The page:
Change 617587 had a related patch set uploaded (by Niedzielski; owner: Stephen Niedzielski):
[mediawiki/skins/Vector@master] [WIP][build] Integrate Wikimedia Vue User Interface components

https://gerrit.wikimedia.org/r/617587

Change 617587 abandoned by Niedzielski:
[mediawiki/skins/Vector@master] [WIP][build] Integrate Wikimedia Vue User Interface components

Reason:

https://gerrit.wikimedia.org/r/617587

Change 616311 merged by jenkins-bot:
[mediawiki/skins/Vector@feat/search] [build] Integrate Wikimedia Vue User Interface components

https://gerrit.wikimedia.org/r/616311

Niedzielski renamed this task from Add Vue.js v2 runtime-only Core ResourceLoader module for new Vue.js search to Add Vue.js v2 runtime-only Core or Vector ResourceLoader module for new Vue.js search.Aug 5 2020, 11:13 PM

T251974 is revised to document migration requirements for Vector.

As you point out in T252348#6306686, having the bundle inside Vector means that on certain page views, as we adopt Vue further, Vue will be loaded twice. Although as you also point out the wikis being targetted right now do not create that problem.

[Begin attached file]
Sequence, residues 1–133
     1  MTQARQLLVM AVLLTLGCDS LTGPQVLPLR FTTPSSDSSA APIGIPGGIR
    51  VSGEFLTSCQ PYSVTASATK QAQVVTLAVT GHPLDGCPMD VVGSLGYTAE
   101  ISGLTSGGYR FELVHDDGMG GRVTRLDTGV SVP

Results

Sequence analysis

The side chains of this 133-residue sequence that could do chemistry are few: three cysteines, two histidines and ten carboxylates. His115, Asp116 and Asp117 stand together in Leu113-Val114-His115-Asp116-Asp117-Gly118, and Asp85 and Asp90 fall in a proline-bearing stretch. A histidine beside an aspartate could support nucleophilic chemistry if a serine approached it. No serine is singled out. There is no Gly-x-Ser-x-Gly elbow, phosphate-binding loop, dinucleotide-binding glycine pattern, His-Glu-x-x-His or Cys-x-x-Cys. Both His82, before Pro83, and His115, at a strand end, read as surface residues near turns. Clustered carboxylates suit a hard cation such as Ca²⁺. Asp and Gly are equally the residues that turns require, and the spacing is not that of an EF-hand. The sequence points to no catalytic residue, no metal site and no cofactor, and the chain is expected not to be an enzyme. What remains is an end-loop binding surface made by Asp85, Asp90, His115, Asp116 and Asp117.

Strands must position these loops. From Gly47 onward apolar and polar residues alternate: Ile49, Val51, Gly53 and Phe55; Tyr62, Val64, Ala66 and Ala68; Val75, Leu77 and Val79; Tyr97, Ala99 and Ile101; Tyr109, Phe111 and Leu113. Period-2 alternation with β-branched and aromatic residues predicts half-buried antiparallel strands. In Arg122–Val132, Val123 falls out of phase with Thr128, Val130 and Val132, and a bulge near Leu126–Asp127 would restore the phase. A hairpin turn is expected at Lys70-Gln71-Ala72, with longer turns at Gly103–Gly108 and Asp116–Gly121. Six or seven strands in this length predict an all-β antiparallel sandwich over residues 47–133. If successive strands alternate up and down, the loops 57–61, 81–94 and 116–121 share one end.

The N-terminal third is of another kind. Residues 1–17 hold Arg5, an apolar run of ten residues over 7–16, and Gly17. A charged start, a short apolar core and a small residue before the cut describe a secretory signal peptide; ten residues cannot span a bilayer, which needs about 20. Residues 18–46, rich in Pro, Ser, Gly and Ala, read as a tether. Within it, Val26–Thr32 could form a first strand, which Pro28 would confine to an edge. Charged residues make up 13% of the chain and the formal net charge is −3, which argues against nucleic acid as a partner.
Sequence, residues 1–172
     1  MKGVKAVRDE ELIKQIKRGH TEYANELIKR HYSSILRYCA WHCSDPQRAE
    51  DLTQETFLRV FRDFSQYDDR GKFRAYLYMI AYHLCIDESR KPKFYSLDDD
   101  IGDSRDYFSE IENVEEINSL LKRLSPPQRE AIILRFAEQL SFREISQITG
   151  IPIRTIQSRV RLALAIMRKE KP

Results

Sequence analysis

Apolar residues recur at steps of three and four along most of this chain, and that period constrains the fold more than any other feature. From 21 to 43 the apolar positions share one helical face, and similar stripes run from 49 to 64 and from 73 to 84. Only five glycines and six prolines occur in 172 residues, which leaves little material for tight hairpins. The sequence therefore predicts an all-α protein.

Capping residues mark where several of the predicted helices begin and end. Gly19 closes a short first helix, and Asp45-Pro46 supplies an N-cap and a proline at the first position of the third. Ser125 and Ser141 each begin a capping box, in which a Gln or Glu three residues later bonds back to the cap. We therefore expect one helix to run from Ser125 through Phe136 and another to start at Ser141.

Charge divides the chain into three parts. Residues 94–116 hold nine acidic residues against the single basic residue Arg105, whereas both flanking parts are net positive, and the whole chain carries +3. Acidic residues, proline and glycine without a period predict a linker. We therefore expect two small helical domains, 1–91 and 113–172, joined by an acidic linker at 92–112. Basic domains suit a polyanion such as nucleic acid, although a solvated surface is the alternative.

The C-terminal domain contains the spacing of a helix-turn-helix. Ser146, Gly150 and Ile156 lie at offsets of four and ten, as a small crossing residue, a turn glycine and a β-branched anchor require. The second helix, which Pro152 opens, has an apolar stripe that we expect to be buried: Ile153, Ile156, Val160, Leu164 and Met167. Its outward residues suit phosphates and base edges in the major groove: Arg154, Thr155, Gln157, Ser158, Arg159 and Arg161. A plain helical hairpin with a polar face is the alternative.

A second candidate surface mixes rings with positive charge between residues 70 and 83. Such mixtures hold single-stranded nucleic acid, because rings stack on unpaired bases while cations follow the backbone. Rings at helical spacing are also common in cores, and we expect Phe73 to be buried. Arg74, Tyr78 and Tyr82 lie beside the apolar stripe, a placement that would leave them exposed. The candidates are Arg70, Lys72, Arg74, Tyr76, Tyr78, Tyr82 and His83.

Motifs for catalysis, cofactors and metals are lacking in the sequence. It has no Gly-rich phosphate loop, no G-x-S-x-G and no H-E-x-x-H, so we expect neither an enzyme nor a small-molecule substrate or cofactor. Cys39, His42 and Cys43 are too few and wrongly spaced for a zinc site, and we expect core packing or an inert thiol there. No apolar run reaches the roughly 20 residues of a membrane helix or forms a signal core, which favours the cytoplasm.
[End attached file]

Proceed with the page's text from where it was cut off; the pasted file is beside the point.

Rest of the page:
Despite this, I would be worried that when we make this move we would be slowing down the adoption of Vue elsewhere and we would be blocking further rollout of search meaning we definitely need to support 2 searches in production. Limbo states are not a good place to be from a code maintenance point of view.

It's my understanding when we have Vue 3 in core ( T251974) this problem goes away, but also ideally we don't want to block on that.

I think this decision is definitely something we'll want to re-review before deployment. Is there a deployment task or a generic case study review task that we can record a need to review this or should I record it in T251974 ?

If you want the review to block deployment, it should go in T249297. If the review is post-deployment, it should go in T251974.

Thanks I've added doing a risk assessment to T249297.